Our neighborhood is in the front left foreground. Across the mid left and center of the screen are wheat fields. The red teardrop symbol in back right of the satellite view identifies Bozeman Deaconess, including the hospital plus 22 of its 23 associated clinics. I can swivel my head and see the hospital out our back living room window as I type this post. Helicopters frequently fly overhead ferrying in seriously injured patients to the emergency room, or taxiing critically ill heart disease patients, or other patients who can be better served, to specialized facilities east of us in Billings.
Not surprisingly, ours is a neighborhood heavily populated with doctors, nurses and other health care professionals. Our children go to schools with their children. There is abundant interaction and person-to-person contact.
Bozeman Deaconess hospital is where we go for emergencies. It being a hundred or more miles or one or more mountain passes to everything else that you might call a city, there is really no other good option. Three out of our six household members see doctors in that complex. As the others age out of pediatric medicine we all will come to rely on the complex for our ongoing health care needs.
So when I heard a news report that one of the four hospital facilities nationwide specially equipped to treat people diagnosed with infectious diseases was in Montana, my ears perked up. I checked to see where, and readily admit, I was relieved to learn the designated facility was in Missoula, 210 miles up the road.
Up along the Bitterroot Valley the local NBC TV station reports they are saying trust us.
MISSOULA, Mont. - St. Patrick Hospital officials answered questions Thursday from the Missoula Health Board about the hospital's Care and Isolation Unit, or CIU.
It's one of four units like it in the country that is specially equipped to treat people diagnosed with infectious diseases, and it's received a lot of attention in light of the Ebola outbreak.
St. Patrick Hospital's Joyce Dombrouski told the board that no one is currently being treated for Ebola at the hospital's CIU, and there aren't any plans for that to change.
To understand how it could, she says it's important to understand why St. Patrick's CIU was built in the first place. She says came at the request of Hamilton's Rocky Mountain Laboratories.
Doctors and technicians there work on vaccines and cures for infectious diseases, and the lab needed a place to treat anyone at the lab who became accidentally infected.
The lab also puts St. Patrick doctors and nurses through infectious disease treatment training drills twice a year.
|Providence St. Patrick's Hospital, Missoula, MT.|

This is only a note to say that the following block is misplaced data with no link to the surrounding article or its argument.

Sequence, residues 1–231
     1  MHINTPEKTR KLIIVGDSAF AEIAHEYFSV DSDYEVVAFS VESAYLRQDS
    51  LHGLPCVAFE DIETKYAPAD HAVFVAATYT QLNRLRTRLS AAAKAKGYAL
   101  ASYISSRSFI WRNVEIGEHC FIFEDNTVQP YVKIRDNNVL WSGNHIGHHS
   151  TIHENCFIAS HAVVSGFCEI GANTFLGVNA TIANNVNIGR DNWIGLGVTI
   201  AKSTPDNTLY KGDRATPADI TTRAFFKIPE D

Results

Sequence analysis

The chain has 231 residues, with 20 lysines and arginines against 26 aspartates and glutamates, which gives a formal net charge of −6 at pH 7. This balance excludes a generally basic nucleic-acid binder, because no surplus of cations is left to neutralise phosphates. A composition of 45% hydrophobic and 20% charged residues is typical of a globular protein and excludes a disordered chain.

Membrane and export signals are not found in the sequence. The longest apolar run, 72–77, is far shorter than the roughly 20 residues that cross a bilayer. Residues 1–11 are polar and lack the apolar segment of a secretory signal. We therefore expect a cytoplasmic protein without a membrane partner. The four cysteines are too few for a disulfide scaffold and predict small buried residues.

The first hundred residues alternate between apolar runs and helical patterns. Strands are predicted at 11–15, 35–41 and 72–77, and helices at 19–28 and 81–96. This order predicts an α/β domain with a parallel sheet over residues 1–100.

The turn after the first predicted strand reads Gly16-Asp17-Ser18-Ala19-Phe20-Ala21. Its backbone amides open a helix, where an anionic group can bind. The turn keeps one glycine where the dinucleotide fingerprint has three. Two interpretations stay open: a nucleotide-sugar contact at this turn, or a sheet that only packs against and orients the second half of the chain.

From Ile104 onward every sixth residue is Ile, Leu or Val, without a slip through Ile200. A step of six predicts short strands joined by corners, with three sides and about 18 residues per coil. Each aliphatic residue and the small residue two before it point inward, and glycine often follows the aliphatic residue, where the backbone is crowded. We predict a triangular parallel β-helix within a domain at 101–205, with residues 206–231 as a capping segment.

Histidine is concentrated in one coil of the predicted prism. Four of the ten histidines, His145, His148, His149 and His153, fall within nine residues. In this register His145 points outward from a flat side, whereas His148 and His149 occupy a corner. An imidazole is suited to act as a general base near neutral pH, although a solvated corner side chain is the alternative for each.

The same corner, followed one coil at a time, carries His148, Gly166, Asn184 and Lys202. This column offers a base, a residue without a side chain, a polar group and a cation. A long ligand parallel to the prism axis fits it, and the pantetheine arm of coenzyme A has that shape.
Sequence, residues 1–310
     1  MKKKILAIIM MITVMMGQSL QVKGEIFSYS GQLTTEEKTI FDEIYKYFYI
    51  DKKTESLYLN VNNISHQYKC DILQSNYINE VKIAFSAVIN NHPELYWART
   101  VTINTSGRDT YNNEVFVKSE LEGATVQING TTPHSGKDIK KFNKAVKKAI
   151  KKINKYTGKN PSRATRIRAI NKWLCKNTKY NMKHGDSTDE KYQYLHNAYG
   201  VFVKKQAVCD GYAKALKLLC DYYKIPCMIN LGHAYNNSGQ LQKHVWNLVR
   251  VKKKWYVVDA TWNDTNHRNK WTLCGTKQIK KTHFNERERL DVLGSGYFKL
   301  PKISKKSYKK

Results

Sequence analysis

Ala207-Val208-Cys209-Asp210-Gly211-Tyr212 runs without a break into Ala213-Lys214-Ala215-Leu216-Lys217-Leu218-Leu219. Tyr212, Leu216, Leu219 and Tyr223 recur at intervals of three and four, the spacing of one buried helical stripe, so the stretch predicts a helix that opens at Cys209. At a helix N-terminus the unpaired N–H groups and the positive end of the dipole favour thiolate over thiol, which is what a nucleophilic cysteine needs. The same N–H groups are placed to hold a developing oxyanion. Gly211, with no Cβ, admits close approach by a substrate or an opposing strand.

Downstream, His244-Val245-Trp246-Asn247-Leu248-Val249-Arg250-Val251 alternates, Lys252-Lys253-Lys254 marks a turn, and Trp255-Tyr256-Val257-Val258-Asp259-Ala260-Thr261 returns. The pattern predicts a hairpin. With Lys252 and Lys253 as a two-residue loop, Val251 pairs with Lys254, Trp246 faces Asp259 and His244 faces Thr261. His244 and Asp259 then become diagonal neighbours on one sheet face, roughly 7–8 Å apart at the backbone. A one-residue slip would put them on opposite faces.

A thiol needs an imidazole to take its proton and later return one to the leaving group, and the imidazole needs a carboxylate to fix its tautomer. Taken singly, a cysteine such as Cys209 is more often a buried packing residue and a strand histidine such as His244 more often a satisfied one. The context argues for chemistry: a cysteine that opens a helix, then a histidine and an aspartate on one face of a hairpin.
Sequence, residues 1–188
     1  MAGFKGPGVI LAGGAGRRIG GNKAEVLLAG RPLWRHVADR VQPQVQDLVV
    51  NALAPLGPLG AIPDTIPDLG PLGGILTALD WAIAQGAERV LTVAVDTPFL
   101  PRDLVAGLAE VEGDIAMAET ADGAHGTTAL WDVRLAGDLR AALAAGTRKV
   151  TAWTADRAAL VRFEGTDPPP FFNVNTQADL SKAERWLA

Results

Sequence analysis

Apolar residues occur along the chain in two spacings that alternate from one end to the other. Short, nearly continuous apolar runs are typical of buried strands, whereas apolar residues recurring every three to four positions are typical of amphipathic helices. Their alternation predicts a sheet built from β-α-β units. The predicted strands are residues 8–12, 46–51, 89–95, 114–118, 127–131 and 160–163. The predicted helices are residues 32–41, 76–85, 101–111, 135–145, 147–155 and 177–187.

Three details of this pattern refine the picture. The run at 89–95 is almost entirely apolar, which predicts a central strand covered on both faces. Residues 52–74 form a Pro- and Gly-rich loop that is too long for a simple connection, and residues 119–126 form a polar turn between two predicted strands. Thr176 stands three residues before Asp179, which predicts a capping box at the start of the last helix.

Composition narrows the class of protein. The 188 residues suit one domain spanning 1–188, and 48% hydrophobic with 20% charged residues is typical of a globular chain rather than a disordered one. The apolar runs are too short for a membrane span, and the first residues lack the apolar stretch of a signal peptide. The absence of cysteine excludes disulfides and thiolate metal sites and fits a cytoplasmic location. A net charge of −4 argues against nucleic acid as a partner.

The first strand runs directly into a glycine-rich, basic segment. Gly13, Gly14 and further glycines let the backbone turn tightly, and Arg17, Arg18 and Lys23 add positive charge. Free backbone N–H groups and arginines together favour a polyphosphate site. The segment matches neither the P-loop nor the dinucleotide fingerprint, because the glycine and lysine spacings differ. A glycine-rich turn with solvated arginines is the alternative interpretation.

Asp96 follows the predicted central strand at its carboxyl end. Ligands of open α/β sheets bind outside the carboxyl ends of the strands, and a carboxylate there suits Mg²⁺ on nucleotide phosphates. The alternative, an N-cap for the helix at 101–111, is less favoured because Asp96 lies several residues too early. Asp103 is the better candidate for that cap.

All of that makes St. Patrick more than capable of treating a patient diagnosed with Ebola outside the city or state -- someone from Texas, for example -- but it would only come at the request of federal health officials, and St. Patrick would have the final say.
If St. Patrick were to get the call, the Missoula Health Department would have oversight and would perform safety inspections prior to any patient transfer. That's according to Missoula City-County Health Department spokesperson Cindy Hotchkiss.
"It's a rule that's been in place for a really long time," said Hotchkiss. "It basically states that we want to ensure that there's no way that this infectious disease could be spread through the process of transferring a patient."At the end of the video (available at the link immediately above), the TV station says that the hospital has repeatedly denied its request for an interview. In total nationwide, the four infectious disease units can house 8 to 13 patients.
The infectious disease crowd are all playing a relativity game. You are safe because there is something that is not currently happening that would make you less safe.
The challenge with understanding and reacting to Ebola is that right now no one really knows how infectious it is. The statements made by "experts" and "scientists" concerning the low probability of transmission are based on pre-2014 experience in Africa, when there were a few dozen or a few hundred cases per year. But this year there are already 10,000 documented cases, with some credibly claiming that numbers are dramatically under reported. The World Health Organization predicts new cases could reach 10,000 a week before the end of the year.
Why has the rate of infections increased so dramatically? You don't hear the experts raising the question in public venues, much less trying to answer it. This story has a long way to roll and the crisis has a long way to come before it gets resolved one way or another.